I often wonder whether we take driving while intoxicated serious enough given the number of stories we hear about people with multiple DWI convictions who still drive.

Sounds like overreach to me that if you’ve been found guilty for a first DWI, you’d need to have an interlock device installed on your car to enable you to drive it.

I say an overreach because I always felt this was something reserved for the most serious offenders, such as someone with multiple DWI’s on their record.

But tell that to anyone who’s been injured by or had a family member killed by a drunk driver, and you may feel differently. Personally I wouldn’t want to be in that person’s shoes.

However the question is how to prevent those who’ve done it once from becoming the most serious offenders.

A Senate panel on Monday approved a bill that would make installation of ignition-interlock devices, rather than license suspension, the main penalty in most drunken-driving cases.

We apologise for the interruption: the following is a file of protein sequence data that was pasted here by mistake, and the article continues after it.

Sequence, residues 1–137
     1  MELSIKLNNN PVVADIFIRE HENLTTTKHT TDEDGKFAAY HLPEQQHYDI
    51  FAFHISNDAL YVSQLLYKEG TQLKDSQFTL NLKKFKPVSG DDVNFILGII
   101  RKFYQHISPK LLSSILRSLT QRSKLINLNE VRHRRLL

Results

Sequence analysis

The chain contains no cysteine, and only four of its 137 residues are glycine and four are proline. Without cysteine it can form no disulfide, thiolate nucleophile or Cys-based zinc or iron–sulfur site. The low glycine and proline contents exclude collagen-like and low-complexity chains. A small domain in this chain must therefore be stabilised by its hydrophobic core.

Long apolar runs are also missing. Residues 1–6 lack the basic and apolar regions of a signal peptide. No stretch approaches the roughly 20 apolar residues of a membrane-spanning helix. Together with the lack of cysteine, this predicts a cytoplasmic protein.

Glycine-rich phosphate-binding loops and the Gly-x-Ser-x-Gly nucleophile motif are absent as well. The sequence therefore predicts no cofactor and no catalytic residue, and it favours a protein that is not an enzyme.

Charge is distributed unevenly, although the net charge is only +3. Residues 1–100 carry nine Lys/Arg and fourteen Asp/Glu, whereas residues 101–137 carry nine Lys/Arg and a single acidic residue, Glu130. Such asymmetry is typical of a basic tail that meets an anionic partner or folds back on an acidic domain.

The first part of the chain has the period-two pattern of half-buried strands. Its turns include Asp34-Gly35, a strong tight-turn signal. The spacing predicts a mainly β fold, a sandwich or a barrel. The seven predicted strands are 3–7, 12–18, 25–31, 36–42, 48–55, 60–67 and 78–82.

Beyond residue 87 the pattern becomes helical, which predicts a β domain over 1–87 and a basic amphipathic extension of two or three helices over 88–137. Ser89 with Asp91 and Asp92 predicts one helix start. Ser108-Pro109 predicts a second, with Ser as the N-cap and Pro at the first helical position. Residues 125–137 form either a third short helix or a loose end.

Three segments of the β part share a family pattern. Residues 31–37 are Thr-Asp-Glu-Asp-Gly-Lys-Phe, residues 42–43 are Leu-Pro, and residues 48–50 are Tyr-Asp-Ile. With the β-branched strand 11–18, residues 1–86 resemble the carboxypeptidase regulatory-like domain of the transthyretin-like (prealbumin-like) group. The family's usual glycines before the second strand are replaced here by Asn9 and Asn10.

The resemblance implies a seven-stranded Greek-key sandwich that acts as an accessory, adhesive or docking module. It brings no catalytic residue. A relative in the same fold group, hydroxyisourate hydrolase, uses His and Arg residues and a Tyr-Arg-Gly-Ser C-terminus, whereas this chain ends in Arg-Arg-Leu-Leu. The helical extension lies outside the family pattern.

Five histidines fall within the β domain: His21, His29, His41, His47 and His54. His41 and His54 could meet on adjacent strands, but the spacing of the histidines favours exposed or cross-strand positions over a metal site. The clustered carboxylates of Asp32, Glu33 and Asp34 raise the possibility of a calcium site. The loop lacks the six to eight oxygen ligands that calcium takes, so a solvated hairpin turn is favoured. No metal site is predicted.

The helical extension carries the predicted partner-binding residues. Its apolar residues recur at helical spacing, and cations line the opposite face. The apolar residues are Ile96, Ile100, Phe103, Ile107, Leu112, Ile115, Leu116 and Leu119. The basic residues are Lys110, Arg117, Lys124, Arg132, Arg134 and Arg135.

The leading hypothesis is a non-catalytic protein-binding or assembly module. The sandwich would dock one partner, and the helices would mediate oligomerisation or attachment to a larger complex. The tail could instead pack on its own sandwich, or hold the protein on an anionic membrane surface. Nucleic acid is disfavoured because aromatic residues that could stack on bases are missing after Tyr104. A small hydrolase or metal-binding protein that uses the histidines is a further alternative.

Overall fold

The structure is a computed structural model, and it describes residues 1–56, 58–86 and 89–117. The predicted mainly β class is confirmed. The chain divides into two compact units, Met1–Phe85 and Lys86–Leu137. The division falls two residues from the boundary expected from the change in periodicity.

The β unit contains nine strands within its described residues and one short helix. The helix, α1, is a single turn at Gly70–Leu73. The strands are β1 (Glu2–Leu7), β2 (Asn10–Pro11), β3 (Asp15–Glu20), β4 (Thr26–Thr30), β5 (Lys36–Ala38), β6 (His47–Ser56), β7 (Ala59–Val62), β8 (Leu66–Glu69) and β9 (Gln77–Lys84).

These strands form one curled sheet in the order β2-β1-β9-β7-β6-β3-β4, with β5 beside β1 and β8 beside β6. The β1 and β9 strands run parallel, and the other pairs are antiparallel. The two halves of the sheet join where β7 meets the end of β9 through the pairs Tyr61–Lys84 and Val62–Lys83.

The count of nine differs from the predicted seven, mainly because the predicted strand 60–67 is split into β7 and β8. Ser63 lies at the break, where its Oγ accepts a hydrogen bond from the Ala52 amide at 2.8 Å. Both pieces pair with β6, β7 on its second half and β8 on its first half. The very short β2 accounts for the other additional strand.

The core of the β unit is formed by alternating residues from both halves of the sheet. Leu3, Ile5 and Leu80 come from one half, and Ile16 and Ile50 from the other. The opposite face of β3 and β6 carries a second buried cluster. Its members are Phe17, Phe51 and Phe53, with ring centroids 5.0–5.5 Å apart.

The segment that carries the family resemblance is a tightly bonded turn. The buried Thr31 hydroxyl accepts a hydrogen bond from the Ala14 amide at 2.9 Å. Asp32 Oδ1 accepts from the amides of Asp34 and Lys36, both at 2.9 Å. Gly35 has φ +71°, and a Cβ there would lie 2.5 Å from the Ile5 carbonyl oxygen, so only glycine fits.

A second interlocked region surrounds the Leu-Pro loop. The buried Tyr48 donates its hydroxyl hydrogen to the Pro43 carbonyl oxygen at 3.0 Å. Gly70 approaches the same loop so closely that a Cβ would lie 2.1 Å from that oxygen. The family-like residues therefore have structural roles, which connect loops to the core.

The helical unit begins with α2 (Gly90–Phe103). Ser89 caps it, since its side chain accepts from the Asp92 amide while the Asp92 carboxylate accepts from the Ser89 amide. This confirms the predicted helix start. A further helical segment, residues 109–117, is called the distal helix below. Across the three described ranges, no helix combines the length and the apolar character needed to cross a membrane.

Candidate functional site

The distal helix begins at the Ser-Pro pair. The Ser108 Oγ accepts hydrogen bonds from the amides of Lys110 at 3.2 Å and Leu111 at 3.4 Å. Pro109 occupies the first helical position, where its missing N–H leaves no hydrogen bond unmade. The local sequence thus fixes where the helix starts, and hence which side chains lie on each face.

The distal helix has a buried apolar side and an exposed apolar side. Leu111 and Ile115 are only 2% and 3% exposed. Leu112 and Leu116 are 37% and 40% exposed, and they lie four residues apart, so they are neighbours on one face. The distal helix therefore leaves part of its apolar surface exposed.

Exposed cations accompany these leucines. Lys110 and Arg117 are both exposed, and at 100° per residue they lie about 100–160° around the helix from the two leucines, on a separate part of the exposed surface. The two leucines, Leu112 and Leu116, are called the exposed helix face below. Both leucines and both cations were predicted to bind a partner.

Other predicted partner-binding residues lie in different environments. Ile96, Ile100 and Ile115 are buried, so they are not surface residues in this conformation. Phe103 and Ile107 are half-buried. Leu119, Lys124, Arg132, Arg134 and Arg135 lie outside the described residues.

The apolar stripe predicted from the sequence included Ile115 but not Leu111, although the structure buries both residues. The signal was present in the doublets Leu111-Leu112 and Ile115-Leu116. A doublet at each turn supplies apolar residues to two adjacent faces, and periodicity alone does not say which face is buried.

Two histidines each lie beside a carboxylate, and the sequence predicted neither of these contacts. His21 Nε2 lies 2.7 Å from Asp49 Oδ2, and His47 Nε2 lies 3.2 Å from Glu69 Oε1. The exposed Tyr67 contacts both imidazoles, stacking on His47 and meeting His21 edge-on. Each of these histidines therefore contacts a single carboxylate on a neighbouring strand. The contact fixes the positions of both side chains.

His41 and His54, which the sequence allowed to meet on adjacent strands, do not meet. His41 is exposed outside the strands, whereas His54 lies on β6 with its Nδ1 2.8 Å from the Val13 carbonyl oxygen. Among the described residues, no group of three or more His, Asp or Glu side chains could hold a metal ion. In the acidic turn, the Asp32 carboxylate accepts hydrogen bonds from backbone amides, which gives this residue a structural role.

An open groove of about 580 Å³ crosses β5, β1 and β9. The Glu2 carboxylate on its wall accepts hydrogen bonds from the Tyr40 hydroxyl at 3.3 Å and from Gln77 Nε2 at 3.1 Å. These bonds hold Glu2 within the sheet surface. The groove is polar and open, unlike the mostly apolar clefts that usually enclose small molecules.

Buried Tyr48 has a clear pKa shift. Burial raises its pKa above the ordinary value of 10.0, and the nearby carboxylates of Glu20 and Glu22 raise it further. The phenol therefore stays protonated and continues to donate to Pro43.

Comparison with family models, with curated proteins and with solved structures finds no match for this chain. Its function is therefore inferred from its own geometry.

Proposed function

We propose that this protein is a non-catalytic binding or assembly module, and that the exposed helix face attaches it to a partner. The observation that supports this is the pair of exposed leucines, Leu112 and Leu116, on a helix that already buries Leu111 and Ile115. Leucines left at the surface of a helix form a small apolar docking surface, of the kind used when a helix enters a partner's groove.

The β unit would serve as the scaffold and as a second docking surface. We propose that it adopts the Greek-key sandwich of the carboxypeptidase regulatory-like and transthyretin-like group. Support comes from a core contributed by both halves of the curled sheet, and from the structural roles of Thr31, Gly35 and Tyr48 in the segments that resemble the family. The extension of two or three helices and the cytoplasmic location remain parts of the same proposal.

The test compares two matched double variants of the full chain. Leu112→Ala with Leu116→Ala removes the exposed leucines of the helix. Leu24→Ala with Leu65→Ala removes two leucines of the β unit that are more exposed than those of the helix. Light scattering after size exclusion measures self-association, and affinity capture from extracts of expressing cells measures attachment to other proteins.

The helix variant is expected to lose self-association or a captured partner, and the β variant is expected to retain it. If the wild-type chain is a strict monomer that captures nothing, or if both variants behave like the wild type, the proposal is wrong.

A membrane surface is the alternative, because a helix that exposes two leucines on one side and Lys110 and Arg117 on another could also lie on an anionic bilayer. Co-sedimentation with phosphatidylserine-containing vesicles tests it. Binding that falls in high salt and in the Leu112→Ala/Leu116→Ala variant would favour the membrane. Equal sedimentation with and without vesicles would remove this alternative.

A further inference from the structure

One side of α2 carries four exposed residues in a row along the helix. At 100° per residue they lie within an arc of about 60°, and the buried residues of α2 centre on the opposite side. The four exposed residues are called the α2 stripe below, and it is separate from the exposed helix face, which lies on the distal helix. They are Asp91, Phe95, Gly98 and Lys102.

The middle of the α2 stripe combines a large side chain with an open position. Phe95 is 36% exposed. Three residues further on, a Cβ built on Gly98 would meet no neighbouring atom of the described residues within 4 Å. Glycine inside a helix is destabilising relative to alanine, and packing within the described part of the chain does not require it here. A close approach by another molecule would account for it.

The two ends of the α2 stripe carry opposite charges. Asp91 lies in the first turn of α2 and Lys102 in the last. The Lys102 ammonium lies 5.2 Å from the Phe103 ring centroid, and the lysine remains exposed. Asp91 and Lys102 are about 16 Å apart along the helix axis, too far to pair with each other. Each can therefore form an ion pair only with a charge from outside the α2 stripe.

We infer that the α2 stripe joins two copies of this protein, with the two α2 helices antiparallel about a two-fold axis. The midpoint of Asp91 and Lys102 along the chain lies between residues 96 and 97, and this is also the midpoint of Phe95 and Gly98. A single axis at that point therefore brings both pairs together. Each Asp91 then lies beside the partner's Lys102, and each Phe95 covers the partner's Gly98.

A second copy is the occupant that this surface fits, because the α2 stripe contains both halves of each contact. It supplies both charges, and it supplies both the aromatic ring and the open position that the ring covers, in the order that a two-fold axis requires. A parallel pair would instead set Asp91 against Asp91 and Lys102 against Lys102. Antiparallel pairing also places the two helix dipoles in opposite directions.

First-time DWI offenders could continue driving with the mechanism, which blocks a vehicle from starting unless the operator exhales a clean breath sample into it.
Second or subsequent offenders would need a restricted-use license — allowing only work-related or other travel set by a judge — for at least the first year the interlock is in place.

The Senate Judiciary Committee advanced the measure, S-2427, sponsored by its chairman, Sen. Nicholas Scutari, D-Union, in a 12-0 vote, with Sen. Christopher Bateman, R-Somerset, abstaining.

Ignition locks were mandated in certain cases under Ricci’s Law, enacted in January 2010. That law required first-time offenders with a blood-alcohol concentration of more than .15 percent, and those who refused to take a breath test, to have the interlock installed for six months after a suspension ended.

Last December, the Law Revision Commission called for expanded use of interlocks after studying reports on reducing drunken driving from sources such as the National Highway Traffic Safety Administration, the Centers for Disease Control and Prevention, and the Insurance Institute for Highway Safety, and concluding that lengthy license suspensions do not prevent drunken driving.

So as previously stated, tell anyone who’s either lost a family member or had a family member injured by a drunk driver that this regulation is too stringent, and see the answer you get.

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